Tired of investing in mutual funds at Rs 10 per unit? What about buying units of Rs 10 lakh each? Reliance Mutual Fund is planning to launch a mammoth infrastructure debt fund (IDF), each unit of which would be priced Rs 10 lakh.
Targeted primarily at the long-term funds of super-rich individuals, foreign institutional investors, local institutions and corporate investors, the scheme will not accept investments below Rs 1 crore.
Reliance filed the offer document for the scheme with the Securities and Exchange Board of India (Sebi) last week. The close-ended scheme will invest in debt of companies in sectors such as transport, energy, water, sanitation, communication and social infrastructure, including education. It also has the flexibility to invest up to 10 per cent of its corpus in the equity of companies in these sectors.
|‘MOTHER OF ALL FUNDS’
- Reliance files for debt fund
- Each unit to be priced Rs 10 lakh
- Fund targets long-term money from the rich and institutions
- NRIs, FIIs, QFIs can invest
- Good appetite in the market for infra debt
- Fund faces competition from tax-free infra bonds
“We are excited about the product. The infra debt fund has the potential to be a big product category in itself in the coming years. It will benefit both the mutual fund industry and companies engaged in the development of infrastructure,” said Sundeep Sikka, chief executive, Reliance Mutual Fund. It would help in the objective of channelising the country’s household savings into productive assets, he added.
While the fund house is tight-lipped about the targeted corpus, similar long-term infrastructure debt funds launched through the non-banking finance company (NBFC) route earlier this year have said they would raise $1.5-2 billion (about Rs 8,000-11,000 crore). Even if Reliance’s IDF matches its counterparts taking the NBFC route, it is likely to be the largest new fund offer (NFO) in the industry’s history.
Reliance has a record of marketing its NFOs well. Reliance Natural Resources Fund, which collected Rs 5,660 crore in January 2008, remains the biggest NFO till date. Even during the downturn, when most struggled to collect a few hundred crores in their NFOs, the fund house collected Rs 2,350 crore in its Reliance Infrastructure Fund in July 2009.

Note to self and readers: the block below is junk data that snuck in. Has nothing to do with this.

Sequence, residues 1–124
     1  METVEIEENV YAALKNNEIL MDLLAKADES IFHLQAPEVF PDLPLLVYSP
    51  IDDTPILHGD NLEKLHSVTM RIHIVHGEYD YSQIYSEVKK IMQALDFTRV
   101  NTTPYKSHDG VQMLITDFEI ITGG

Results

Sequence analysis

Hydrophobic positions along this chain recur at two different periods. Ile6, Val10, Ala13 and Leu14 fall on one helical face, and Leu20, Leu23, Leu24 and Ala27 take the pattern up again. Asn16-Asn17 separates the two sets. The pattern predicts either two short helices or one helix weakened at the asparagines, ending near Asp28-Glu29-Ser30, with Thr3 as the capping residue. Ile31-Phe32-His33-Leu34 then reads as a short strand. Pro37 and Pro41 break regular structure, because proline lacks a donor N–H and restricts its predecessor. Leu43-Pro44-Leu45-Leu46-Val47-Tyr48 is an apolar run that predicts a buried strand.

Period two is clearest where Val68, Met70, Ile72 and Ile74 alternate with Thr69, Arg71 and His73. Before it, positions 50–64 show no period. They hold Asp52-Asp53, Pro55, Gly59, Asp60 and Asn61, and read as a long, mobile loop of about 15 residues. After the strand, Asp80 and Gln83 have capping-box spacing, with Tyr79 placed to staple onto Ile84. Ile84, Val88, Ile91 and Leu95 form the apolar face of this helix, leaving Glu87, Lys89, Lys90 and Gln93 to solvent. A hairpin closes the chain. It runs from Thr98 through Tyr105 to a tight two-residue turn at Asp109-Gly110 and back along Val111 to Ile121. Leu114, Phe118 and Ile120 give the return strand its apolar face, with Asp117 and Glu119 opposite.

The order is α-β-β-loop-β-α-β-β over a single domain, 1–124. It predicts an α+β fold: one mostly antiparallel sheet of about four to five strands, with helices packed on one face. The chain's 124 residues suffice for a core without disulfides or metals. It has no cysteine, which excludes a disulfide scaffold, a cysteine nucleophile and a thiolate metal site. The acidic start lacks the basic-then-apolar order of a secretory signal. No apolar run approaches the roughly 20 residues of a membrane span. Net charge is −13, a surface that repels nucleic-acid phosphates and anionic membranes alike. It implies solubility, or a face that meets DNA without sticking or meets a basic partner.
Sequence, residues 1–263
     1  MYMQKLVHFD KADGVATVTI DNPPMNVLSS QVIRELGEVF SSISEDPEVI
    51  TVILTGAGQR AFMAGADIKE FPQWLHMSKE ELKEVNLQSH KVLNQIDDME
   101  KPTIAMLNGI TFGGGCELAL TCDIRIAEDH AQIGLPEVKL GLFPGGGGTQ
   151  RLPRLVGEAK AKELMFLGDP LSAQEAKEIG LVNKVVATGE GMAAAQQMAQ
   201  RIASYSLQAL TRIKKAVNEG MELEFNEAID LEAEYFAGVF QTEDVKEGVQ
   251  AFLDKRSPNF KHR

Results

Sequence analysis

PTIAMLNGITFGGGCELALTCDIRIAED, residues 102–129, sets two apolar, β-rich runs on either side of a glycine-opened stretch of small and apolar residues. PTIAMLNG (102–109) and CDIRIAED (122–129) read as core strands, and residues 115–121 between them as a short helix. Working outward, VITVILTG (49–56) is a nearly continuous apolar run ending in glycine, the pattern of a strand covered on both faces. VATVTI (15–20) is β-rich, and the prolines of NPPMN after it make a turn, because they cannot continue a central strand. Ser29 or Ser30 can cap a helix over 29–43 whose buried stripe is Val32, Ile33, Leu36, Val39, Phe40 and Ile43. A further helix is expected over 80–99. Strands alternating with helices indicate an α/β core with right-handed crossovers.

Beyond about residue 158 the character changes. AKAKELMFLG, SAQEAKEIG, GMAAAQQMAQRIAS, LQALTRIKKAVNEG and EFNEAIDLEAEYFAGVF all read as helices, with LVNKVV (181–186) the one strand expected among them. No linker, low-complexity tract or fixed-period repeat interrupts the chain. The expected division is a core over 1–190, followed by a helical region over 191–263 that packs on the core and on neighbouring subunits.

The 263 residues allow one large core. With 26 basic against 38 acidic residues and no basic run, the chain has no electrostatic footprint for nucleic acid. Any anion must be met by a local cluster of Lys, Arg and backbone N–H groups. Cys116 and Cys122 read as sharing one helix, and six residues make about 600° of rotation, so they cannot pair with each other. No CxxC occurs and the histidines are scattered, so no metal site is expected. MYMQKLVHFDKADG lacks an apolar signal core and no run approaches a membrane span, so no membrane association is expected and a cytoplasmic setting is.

Surjeet Mishra, national head-mutual funds, Bajaj Capital, a national distributor, said, “There is a lot of interest in this kind of focused investment. Since infrastructure stocks are doing badly, it is not easy for the companies in this sector to raise equity now. The companies are ready to raise debt at a much higher rate.”
The infrastructure debt fund is a new product structured by the government, the Reserve Bank and the Sebi to facilitate long-term debt financing for infrastructure. It was first announced by the government in Budget 2011.
Other fund houses such as SBI Mutual Fund and IDFC Mutual Fund are planning to launch similar products. Hemant Rustagi, chief executive, Wiseinvest Advisors, says it will be a good addition to the product suite of fund houses. “You don’t have any product in the long-term debt segment. This will be the first. Being a close-ended product, managing it will not be difficult.”
Advisors say investors will compare the product with others such as tax-free infrastructure bonds, which offered a tax-free return of 8-8.25 per cent last fiscal. IDFs will be taxed like debt mutual funds. “This is not for the masses. You have to sell it to informed investors, who will compare it with competing products. If I am going to hold it for the long term, I would want to know what return I’ll get,” says Rustagi. Sebi rules do not allow mutual funds to indicate or assure returns from market-linked investments.